An interesting article from Minnesota Public Radio came to my attention via Twitter. Copied below is the start of the article, which discusses the growing trend in libraries for librarians to act almost as social workers. I have to say that I have always felt that in public libraries the “social work” aspect, i.e. providing support to the lonely through friendly interactions and a listening ear (like the barkeep), has been underrated. Their certainly seems to have been an expansion in that side of the public librarians role. Through dealing with troubled teenagers to helping people apply for jobs, the Librarian as a “social worker” is a reality.
In my role I have found that apart from helping people put there pictures up on Bebo or Facebook, the other major help function on the APNK computers ahs been in the editing and sending of CVs for the functionally computer illiterate. Which is why public libraries with free Internet are becoming even more important as a core part of the community. It seems that more and more jobs are being advertised, found and applications are via the Internet. A lot of the people I deal with don’t have a computer at home, and have never used one. And it can be very distressing at times, for us and them. I had a young teen mother in the other day, who sat down and prepared a CV for applying for a job. She went to save to disc, and managed to loose the lot. She hadn’t the time to redo and I couldn’t rescue her work. So off she went in tears, and there was nothing I could do, which was painful as she is one of the young mums who actually wants to go beyond the DPB. Sigh.
It’s also quite sad to hear through the grapevine that South Taranaki Public libraries, that beacon of good and progressive management, with no fees, is about to have all that work taken away. The word I have heard, from multiple sources, is that the council is not only insisting on higher revenues, thus the reinstatement of overdues/reserve fees, but in their draft annual plan will be proposing a Adult book rental fee like Tauranga. That will rip the guts out of the service as far as I am concerned.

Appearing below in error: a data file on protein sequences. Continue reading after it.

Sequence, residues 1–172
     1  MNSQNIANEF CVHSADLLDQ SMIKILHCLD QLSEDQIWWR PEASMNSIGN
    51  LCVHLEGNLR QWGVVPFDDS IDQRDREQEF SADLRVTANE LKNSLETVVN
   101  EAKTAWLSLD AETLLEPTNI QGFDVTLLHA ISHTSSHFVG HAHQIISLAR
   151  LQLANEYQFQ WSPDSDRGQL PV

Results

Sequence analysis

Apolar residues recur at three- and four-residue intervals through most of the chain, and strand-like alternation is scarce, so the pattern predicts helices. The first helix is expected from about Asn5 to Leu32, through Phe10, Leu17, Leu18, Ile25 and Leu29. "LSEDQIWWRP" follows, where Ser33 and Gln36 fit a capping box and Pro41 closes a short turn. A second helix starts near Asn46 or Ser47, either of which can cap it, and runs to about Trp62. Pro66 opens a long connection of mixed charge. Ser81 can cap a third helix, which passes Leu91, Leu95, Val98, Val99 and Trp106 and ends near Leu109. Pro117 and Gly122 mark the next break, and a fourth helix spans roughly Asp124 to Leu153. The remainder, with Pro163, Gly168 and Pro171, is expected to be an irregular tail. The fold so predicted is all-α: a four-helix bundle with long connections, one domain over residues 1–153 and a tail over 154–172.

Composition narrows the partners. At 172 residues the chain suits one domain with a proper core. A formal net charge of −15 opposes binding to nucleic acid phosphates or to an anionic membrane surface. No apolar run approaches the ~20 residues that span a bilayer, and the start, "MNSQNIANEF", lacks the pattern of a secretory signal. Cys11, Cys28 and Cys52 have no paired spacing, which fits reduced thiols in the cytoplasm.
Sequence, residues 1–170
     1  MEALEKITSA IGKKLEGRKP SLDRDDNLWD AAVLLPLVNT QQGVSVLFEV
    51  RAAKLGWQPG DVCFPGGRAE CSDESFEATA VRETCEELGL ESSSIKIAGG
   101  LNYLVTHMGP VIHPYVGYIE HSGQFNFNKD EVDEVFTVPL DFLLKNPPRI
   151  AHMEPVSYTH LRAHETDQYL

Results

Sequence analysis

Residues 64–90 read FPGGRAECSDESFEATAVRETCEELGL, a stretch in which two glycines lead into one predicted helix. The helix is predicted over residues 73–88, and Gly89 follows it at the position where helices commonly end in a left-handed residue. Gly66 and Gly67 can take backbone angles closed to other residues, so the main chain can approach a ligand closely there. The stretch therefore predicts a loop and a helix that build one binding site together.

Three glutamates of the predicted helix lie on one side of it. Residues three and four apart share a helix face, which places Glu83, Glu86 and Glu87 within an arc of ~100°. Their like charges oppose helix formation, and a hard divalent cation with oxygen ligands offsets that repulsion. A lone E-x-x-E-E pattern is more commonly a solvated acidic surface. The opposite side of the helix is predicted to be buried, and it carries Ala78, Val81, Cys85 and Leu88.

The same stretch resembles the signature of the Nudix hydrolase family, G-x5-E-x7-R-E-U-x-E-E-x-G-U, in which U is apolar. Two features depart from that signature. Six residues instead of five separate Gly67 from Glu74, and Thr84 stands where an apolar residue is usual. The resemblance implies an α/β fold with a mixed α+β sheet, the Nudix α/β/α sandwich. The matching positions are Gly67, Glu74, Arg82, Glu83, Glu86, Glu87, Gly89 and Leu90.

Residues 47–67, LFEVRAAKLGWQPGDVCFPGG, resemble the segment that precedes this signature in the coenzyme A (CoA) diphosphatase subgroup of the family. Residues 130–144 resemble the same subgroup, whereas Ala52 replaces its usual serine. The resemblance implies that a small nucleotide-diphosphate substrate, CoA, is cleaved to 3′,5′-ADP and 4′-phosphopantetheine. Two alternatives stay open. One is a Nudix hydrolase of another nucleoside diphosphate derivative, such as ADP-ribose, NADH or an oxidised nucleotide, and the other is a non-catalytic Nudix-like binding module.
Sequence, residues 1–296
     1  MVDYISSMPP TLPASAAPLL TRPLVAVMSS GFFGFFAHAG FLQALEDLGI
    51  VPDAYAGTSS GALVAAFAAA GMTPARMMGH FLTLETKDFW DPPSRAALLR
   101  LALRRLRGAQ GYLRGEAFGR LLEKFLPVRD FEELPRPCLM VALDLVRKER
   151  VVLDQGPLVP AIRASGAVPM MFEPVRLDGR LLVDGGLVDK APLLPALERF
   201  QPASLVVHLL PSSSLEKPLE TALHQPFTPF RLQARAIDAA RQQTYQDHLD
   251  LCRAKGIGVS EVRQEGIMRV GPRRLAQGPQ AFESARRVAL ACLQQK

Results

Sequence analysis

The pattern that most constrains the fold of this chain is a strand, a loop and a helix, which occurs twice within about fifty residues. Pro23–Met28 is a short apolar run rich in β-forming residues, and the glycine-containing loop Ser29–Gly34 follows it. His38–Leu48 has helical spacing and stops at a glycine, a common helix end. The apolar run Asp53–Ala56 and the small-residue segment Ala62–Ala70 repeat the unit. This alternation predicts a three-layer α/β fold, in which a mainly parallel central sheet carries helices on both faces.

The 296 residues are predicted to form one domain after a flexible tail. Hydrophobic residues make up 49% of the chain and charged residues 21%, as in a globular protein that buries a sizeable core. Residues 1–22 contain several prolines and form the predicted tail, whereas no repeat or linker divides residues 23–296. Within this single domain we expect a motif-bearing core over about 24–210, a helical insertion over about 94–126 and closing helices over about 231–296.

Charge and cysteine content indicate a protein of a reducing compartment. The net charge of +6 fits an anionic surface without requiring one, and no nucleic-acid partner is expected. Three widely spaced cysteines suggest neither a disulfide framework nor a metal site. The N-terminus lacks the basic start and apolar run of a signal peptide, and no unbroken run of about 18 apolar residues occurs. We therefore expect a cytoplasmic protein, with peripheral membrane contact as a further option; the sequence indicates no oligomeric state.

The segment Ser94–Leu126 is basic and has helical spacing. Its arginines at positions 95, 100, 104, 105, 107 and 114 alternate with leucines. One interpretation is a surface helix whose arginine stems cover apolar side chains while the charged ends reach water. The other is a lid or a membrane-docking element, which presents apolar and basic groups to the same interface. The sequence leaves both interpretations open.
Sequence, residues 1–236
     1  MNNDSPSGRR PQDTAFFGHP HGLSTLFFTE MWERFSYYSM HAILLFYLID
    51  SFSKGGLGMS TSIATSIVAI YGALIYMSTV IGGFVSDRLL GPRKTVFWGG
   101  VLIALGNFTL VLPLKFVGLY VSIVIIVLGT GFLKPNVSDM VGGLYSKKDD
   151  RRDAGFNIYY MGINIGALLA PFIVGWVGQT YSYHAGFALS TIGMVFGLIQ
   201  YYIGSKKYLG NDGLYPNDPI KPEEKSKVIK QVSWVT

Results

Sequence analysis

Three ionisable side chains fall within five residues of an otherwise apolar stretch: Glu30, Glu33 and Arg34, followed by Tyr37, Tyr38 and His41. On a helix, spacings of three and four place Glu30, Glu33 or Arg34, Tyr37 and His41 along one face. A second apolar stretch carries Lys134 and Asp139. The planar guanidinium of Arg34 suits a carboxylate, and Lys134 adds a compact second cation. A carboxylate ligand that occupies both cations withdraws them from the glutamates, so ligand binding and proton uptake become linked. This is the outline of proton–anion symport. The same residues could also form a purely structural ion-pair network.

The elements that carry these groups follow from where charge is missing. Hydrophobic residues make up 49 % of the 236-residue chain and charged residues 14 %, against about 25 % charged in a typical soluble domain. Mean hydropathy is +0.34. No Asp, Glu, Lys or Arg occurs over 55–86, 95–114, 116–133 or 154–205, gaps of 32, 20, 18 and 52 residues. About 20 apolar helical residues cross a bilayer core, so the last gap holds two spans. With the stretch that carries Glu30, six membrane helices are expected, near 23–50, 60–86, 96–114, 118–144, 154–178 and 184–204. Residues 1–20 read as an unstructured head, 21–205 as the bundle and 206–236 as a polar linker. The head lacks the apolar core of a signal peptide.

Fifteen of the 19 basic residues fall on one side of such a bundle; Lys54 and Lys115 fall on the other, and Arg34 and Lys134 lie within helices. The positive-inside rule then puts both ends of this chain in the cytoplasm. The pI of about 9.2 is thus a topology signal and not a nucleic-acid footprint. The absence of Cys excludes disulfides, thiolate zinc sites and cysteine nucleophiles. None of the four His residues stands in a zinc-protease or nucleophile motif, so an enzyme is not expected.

Edina, Minn. — The combination of a recession and changes to the typical job application process has made some local librarians into self-described social workers.
Many companies nowadays require job seekers to fill out online applications, which may be tough for people who don’t know much about using the Web, or don’t have access to it. Many job seekers are turning to their local librarians for help.
“It’s like the new normal to have social work be part of being a librarian,” said Kim Poole, a librarian at Hennepin County’s Southdale Library in Edina. “Sometimes as a librarian you feel like you’re throwing out a life preserver to a person … they are often at the edge of an abyss.”
Poole started working in the early 1980s during a recession and remembers memorizing the Dewey decimal number for a book on resumes and reciting it to each unemployed person who came in looking for help.
But when this recession began, Poole realized it would be very different.
“I could see more and more people coming in,” she said. “You often saw a lot of older people which was quite frightening for them because a lot of those people had been working at jobs for 25 to 30 years and some of those jobs never involved any computer access, so suddenly they are thrown out to find a job without any kind of computer skills.”
More people kept coming through the doors of Southdale and Hennepin County’s 40 other libraries. 5.6 million in-person visits to the libraries last year were counted.